Aigner,Michael (2262) - Shankland,Sam (2477) [D15]
Western Chess Congress
InitialAignerShankland.jpg
41.Kc2
 
The endgame is drawn, but only with accurate defense. White keeps king on c2 or c3, shuffles bishop between c1, d2 and e3 and pushes g5 if necessary. As long as the bishop has enough squares, then zugzwang is impossible. If the black goes after the g-pawn, then white captures the c-pawn for a theoretical draw.
41...Kd5
If 41...Kf3 42.Kc3 Kxg4 43.Kxc4 Nf4 44.Bb4 All white needs to do now is sacrifice the bishop for the last pawn. 44...g6 45.Be7 Kf5 46.Kd4 Nh5 47.Ke3 Nf6 48.Kf3 g5 49.Bxf6.
 42.Kc3 g6 43.Bh6??
43.Bh6AignerShank.jpg
43.Bc1 Also OK is Be3. 43...Nc5 44.Be3 Ne4+ 45.Kc2 Ke5 46.Bc1 Nf6 This is a tricky position. White must gain a tempo to prevent black from setting up zugzwang. 47.Bb2+! 47.g5? Nd5 48.Bd2 c3! Here's the threat! White loses the pawn endgame if he takes. 49.Bc1 Kd4 Zugzwang! The bishop has run out of available squares on the key diagonal. 50.Ba3 Ne3+ 51.Kb1 Kd3 52.Bc1 Nd5 53.Ba3 Kd2 54.Bc1+ Kd1 55.Ba3 c2+ 47...Ke6 48.g5 Ne4 49.Bc1
 43...Nc5??
 
Sadly, two blind mice missed that g5 traps the bishop, thus allowing black to walk over and capture it with the king.
44.Kd2 Ne4+ 45.Ke3 Nc5 46.Bg7 Ne6 47.Bc3 Nd8 48.Kf4 Nf7 49.Bb2
With an optimal position, white calmly sits and waits.
49...Kc5 50.Bc3!

50.Bc3.jpg
Gaining time by forcing black to go around the long way to get to b3.
 50...Kb5 51.Ke4 Ka4 52.Kd5
 
More simple was Kd4 and Bd2. Once the knight moves, then the white king runs to e5 and f6.
52...Kb3 53.Bd2 Kc2 54.Bf4 Kd3

An interesting try was 54...c3 55.Ke6 g5 56.Be3 Kd3 57.Bc1 Nh6 58.Kf6 Nxg4+ 59.Kxg5 Ne3 60.Kf4! Dvoretsky demonstrates that this position can be won if white's king is far away. Alas, the king is close enough here. 60...Nc4 61.Kf3! Nd2+ 62.Kf2 Kc2 63.Ba3 Kb3 64.Bc1 Kc2 65.Ba3 Nc4 66.Bb4
 55.Ke6??
55.Ke6.jpg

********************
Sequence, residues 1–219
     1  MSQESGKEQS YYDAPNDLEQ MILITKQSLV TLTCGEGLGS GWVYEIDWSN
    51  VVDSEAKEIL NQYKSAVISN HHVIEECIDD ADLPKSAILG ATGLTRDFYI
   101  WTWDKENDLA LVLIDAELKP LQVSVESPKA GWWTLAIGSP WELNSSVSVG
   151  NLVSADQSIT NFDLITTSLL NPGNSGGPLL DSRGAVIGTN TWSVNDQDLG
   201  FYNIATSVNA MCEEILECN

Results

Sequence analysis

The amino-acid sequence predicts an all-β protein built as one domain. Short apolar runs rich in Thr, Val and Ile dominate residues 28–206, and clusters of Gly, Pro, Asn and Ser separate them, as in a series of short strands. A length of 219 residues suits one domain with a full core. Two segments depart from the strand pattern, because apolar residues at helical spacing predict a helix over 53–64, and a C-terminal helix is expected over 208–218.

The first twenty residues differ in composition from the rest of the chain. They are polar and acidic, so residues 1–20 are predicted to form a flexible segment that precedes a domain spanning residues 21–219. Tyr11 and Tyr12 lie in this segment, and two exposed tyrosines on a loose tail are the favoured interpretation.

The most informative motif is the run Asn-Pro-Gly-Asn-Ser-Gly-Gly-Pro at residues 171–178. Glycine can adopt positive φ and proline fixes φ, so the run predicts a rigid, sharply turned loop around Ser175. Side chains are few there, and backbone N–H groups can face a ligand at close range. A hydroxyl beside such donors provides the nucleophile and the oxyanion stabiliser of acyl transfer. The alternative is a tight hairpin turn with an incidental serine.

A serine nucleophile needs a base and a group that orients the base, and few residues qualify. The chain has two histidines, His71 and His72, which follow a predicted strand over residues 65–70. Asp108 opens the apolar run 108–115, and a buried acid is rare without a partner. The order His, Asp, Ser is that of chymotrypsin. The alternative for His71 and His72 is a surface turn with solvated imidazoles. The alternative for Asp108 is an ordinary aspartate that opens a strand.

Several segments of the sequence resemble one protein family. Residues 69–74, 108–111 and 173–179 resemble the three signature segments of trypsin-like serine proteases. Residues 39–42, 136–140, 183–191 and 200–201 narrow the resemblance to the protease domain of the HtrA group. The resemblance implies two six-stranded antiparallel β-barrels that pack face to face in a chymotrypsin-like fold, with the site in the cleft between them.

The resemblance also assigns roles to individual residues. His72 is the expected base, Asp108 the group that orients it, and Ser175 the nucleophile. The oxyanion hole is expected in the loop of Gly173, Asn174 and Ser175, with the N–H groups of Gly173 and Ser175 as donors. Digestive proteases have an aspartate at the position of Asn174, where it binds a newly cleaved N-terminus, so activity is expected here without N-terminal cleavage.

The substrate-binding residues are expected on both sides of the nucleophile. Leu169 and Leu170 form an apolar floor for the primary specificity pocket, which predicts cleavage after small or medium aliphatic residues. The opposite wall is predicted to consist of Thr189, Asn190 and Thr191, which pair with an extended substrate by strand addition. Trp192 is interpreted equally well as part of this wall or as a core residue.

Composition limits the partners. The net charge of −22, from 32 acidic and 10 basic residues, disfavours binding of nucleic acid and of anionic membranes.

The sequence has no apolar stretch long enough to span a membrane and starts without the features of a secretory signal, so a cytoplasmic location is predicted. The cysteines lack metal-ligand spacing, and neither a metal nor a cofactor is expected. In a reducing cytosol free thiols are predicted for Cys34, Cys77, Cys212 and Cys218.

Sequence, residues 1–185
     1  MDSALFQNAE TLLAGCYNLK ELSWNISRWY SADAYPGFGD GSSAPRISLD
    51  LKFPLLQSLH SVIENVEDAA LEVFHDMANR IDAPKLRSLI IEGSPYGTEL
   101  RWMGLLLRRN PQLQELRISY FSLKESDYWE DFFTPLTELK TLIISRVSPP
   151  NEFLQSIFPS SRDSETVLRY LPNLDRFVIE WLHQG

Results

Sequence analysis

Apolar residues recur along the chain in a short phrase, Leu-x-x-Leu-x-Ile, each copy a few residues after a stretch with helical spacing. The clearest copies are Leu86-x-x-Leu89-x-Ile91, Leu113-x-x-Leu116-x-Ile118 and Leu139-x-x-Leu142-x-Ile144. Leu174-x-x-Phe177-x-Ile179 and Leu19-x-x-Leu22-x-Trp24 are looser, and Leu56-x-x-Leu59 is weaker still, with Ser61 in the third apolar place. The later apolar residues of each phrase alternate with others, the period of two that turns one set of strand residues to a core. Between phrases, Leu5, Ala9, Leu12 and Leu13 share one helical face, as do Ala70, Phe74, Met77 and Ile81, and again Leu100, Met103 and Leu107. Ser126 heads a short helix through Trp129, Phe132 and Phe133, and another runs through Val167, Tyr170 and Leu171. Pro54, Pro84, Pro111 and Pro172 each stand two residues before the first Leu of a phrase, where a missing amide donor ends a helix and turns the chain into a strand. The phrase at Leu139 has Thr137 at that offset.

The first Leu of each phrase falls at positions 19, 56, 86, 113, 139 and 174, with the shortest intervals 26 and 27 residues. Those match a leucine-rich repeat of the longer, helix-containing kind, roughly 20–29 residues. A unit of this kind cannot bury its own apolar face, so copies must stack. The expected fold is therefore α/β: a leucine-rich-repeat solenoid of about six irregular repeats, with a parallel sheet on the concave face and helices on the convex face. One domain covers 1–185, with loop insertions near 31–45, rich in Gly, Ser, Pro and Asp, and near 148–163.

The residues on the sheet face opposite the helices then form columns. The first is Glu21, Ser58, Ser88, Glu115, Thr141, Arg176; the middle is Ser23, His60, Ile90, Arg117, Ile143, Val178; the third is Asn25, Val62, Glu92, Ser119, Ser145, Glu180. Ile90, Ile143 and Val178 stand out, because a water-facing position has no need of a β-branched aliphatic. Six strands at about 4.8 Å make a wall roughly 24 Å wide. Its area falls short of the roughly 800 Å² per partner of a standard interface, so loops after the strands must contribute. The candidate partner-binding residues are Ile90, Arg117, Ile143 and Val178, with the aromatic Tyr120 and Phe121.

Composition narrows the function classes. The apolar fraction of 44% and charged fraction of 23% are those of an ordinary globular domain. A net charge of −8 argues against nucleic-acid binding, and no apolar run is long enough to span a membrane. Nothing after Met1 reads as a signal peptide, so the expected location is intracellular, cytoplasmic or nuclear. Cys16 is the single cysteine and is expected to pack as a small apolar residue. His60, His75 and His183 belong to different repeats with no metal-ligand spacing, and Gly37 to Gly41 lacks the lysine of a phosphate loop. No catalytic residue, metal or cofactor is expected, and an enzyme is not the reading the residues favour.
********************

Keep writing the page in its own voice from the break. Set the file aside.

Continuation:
Walking into a trap. Instead, white needed to shuffle his bishop again, this time to c1.
 55...g5??
I guess it was lucky day! 55...Ke4! This move wins a tempo. 56.Bc1 (Or if 56.Bd2 Ne5 57.Kf6 Nf3! 58.Bc1 g5 59.Bb2 Kd3 60.Kf5 c3 61.Ba1 c2 62.Bb2 Nd2 63.Kxg5 Nc4! The White bishop runs out of squares. 64.Bc1 Ke2! 65.Kf6 Kd1 66.Bf4 Nd2 And Black cleverly promotes the pawn.) 56...Ne5 57.Kf6 c3! Once again the White bishop is out of moves. 58.g5 Nd3 59.Ba3 Nf4! 60.Bc1 c2 61.Bb2 Nd3 62.Ba3 Kd4! 63.Kxg6 Kc3 64.Kf7 Nb2 65.Bxb2+ Kxb2 66.g6 c1Q Black wins because the last pawn is not a bishop or rook pawn.
 56.Bc1 Nh6 57.Kf6 Nxg4+ 58.Kxg5 Nf2
If 58...Kc2 59.Bf4 Nf2 60.Be5 is similar to the game.
 59.Bb2!
59.Bb2.jpg
While this move is not the only way to draw, the plan now quickly becomes apparent quickly. White keeps his bishop on the long diagonal, shuffling between a1, b2 and g7, h8 as needed to prevent the knight from shielding the last pawn.
59...Ne4+ 60.Kf5 Nc3 61.Ke6 Kc2 62.Ba1 Kb3 63.Kd7 Na4 64.Bg7 Nc3 65.Kc6 Kc2 66.Kd7 Kd3 67.Kc8
White doesn't need his king to draw this position and therefore he keeps it far away to avoid accidental knight forks.
67...Nb5 68.Ba1 Nd4 69.Kb7 Nb3 70.Bb2 Nc5+ 71.Ka8 ½-½


Check out MSA rated results of the Western Chess Congress and also see Michael Aigner (aka f-pawn)'s blog for frequent updates on Bay Area chess.